When stakeholders sought for solutions to Almajirai in Sokoto

MARUF OLAKUNLE reports that a conference on the Almajiri syndrome called for a paradigm shift in operation in order to bring it up to speed with modernity

IT is no longer news that street urchins in the Northern parts of the country popularly known as Almajiri had become a regional menace and an embarrassment to political leaders in that part of the country. Getting them educated hrough a special funding project known as the Almajiri education has largely failed if what is on ground is anything to go by.

In fact in the face of the outbreak of the COVID-19 pandemic most states in the north took the step to repatriate scores of the Almajirai to their states of origin an outcome of an agreement among northern states governors through the Northern Governors Forum lead by Plateau State governor, Samuel Lalong. The governors also declared the use of Almajirai for street begging as illegal.

However, these policies and agreements were received with mixed feelings. While some states went ahead and immediately started its implementation, some others were not enthusiastic about its implementation believing that it will cause more problems than solutions for the region.

While states like Kaduna, Kano, Niger and Nasarawa among others began the deportation of the Almajirai back to their respective state of origin in ernest, Sokoto State is not so enthusiastic about pursuing that line of approach.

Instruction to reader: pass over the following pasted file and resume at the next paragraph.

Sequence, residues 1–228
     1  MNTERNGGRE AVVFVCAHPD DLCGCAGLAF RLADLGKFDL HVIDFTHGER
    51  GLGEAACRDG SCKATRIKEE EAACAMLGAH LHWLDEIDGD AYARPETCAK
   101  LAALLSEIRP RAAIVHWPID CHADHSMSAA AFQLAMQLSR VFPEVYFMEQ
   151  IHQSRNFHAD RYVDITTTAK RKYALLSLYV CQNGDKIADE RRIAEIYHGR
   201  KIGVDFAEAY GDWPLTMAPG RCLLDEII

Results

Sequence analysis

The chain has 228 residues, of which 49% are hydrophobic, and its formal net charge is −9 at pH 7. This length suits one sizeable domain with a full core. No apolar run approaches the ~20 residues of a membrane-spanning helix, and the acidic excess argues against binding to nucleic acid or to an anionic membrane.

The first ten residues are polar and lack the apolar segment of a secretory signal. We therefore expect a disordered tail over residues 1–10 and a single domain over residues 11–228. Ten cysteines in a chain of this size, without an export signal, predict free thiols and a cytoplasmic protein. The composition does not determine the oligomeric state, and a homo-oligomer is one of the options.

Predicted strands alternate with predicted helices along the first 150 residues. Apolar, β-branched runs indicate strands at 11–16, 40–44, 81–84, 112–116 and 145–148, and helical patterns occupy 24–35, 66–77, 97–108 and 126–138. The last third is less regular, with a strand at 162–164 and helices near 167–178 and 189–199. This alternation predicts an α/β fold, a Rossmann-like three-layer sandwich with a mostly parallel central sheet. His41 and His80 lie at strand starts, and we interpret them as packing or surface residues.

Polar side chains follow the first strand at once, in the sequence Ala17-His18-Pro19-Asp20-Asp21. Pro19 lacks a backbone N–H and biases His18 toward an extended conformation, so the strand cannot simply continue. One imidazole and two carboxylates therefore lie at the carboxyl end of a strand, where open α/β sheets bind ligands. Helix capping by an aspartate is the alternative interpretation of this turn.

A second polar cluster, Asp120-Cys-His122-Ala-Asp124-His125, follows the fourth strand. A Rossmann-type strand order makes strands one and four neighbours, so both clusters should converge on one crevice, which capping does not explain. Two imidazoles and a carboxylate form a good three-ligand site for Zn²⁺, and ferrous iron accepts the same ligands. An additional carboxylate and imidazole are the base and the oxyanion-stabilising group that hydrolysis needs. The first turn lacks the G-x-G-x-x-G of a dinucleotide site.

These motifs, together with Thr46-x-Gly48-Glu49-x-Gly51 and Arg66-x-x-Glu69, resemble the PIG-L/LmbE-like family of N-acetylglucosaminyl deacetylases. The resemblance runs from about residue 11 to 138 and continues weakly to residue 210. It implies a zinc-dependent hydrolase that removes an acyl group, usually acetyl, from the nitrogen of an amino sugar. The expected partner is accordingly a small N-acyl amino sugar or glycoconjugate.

While speaking on the issue, Governor Aminu Waziri Tambuwal said he was ready to make the state conducive for all while promising not to deport any Almajiri from the state.

He however promised to look into the issue of using the Almajirai for street begging, a situation which he said was anti-Islamic and should be condemnable by all and sundry. He also promised not to entertain any form of child abuse in the state.

It was on the basis of this scenario that a roundtable was recently organized at the state Centre for Arabic and Islamic Education Board, Aguwanrogo road in the Sokoto State capital in order to have another look at the Almajiri issue and proffer a way forward.  It was a gathering of who is who, among the Islamic leaders in Denge-Shuni/Bodinda/Tureta Federal constituency of Sokoto State.

The gathering included the notable Central mosque Imams in the area, Arabic studies teachers and dons from Usmanu Danfodio University. Others include Proprietors of private schools, representatives of women group such as FOWAN, Amirahs, Miyetti Allah women leader in the state among other women leaders.

Different speakers spoke extensively at the summit seeking a long-term solution to the problem which had existed for as long as most northerners could remember.

House of Representatives member, representing Denge-Shuni/Bodinda/Tureta Federal constituency, Honourable Shehu Kakale, a medical doctor and former commissioner for health in the state, who was one of the speakers called for a total reform of the Almajiri form of education in the country.